When we think of Christmas, we often think of the beautiful decorations that are used to celebrate the season. The first Christmas tree ornaments began centuries ago in Europe when roses were first attached to the boughs of an evergreen tree. As the trees moved indoors, the tradition of decorating them with nuts and sweets evolved.
But the watershed period in the history of ornaments took place in Lauscha, Germany in the 1880s. Artisans began blowing small hollow glass “baubles” and hand-painting them as ornaments. And the mass production of ornaments continued in America in the early part of the twentieth century.
Yes, ornaments help create the atmosphere we all love at this time of year. But Christmas is far more about how we express our own love for Jesus Christ as we celebrate His birth.
Think about how God put His personal touch on the first Christmas in Bethlehem. It took the world completely by surprise and continues to amaze 2,000 years later.
The King’s earthly parents were commoners who weren’t married when Mary became pregnant. They arrived at the birthplace after a stressful journey by foot from the north of Israel. The only shelter they could find was a stable where Mary gave birth to the Baby. The only congratulations they received were from humble shepherds. Only later was Jesus visited by wealthy Magi who brought gifts suitable for a king.
But think of the personal message God delivered with these “decorations”: This King would be humble; a king for the high and lowly alike. This King’s glory would be shown in the purity of His life.
God’s “decorations” in Bethlehem said it all. And the decorations we choose for Christmas can send our own message to the world.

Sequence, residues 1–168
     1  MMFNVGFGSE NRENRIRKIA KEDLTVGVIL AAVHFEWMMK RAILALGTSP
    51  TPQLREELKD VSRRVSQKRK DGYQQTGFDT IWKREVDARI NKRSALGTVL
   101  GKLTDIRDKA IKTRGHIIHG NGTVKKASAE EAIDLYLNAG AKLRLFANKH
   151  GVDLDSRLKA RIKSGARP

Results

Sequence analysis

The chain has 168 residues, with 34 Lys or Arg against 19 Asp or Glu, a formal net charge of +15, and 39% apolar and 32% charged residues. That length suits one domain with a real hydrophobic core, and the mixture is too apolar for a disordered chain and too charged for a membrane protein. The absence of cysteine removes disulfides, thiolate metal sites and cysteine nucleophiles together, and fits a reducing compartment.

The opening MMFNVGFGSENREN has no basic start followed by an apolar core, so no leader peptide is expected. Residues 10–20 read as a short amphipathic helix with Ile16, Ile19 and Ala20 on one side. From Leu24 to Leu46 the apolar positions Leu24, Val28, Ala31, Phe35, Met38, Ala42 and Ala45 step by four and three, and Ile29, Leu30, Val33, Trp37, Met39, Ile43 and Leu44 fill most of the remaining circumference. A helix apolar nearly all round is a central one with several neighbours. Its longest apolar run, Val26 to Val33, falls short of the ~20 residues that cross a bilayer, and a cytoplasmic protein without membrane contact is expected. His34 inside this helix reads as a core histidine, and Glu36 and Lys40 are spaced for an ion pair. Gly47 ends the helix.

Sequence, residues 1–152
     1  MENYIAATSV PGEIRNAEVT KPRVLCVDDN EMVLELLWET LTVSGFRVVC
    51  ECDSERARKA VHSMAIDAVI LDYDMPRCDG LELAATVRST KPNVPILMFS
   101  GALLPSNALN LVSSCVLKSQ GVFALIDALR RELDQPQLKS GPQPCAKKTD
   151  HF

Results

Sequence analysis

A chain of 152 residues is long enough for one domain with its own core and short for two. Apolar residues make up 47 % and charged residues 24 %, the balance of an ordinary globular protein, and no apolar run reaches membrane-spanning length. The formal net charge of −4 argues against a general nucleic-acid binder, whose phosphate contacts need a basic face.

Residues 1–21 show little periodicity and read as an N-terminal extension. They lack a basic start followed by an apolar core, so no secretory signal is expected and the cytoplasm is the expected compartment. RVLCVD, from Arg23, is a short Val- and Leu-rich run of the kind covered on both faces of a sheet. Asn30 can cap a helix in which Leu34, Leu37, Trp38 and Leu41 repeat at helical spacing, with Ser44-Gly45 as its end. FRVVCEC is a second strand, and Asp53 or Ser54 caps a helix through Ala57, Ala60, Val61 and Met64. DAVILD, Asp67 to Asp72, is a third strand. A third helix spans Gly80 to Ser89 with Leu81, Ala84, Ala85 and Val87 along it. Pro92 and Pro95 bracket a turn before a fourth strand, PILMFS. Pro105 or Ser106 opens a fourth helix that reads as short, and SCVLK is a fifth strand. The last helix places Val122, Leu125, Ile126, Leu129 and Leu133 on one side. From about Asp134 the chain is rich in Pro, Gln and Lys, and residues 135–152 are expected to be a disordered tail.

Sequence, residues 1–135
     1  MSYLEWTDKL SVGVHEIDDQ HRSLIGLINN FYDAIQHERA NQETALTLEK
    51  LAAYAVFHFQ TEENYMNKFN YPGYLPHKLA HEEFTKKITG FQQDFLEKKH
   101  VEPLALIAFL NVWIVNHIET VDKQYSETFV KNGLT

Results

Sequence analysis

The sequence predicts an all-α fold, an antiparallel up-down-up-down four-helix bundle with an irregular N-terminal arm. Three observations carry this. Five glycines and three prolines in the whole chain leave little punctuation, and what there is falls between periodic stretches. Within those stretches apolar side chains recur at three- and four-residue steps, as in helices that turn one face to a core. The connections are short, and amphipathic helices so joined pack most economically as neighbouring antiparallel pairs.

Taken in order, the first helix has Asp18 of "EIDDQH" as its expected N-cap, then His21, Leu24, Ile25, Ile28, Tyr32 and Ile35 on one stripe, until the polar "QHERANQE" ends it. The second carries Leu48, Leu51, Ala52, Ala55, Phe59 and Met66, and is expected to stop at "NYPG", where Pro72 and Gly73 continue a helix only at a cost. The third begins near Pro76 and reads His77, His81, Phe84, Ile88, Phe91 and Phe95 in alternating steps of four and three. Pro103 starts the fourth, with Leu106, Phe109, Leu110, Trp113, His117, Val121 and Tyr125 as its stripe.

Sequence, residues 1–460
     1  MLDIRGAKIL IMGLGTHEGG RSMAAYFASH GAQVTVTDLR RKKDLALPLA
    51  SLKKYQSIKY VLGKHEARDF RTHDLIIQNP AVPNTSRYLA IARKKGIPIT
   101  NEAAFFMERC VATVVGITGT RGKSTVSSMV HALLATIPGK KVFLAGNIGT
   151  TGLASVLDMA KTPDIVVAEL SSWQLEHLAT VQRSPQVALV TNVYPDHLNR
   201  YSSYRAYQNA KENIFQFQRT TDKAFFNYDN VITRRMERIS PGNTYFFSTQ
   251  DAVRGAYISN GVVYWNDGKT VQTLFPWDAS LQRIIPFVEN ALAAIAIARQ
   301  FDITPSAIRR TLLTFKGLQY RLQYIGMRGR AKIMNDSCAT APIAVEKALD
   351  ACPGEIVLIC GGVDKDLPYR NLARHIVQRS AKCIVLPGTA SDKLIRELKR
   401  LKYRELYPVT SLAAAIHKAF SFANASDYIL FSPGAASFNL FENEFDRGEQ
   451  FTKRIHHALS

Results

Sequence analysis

Decorations of the Heart
The decorations I’m talking about are the decorations of the heart—manifestations of the gifts and fruit of the Holy Spirit (1 Corinthians 12:1-11; Galatians 5:22-23).We have the opportunity to tell the world about Jesus by the way we allow the Spirit to decorate our lives at Christmas.
Just as families value special tree ornaments that become part of their tradition and legacy, some families have developed traditions that become part of their Christmas “decoration.” Through acts of kindness, generosity, and sacrifice, the world can see how we honor our Lord. Jesus said it is by our love that the world will realize we are His followers (John 13:35). How could you and your family personalize Christmas this year—creating a crystal clear holiday decoration that tells others what you hold dear about Jesus? Consider these suggestions to add to your own:
• Look for a family who may be struggling financially this Christmas and consider a financial gift: Perhaps a “Christmas feast in a box” with all the trimmings, or a gift card at a grocery store or toy store for gifts for their children.
• Think about students, folks who live alone, and especially those who may be housebound or in the hospital due to illness. Christmas day can be the loneliest day of the year for those separated from friends or family. Invite them to join your family; offer to pick them up if transportation is a problem. Or take Christmas to them if they are unable to get out.
• Consider a Christmas gift box for a missionary family who is on the field of service. Or make a special donation to a ministry in honor of a loved one—or in honor of Jesus Himself!
• Gather a group of friends and go caroling in a nursing home or retirement community. Take small gifts or Christmas cookies that express the love of Christ to those who long to receive it.
• Let your children get involved in “all the above” and any additional ideas you have. Traditions of love, kindness, and service start when our children are young. Make decorating your lives with God’s decorations a family affair.
May this be your most beautiful Christmas ever! May the decorations in your home be overshadowed by only one thing: the decorations in your heart—a clear holiday adornment for all the world to see.
Dr. Jeremiah is the founder and host of Turning Point for God and senior pastor of
Shadow Mountain Community Church in El Cajon, California.
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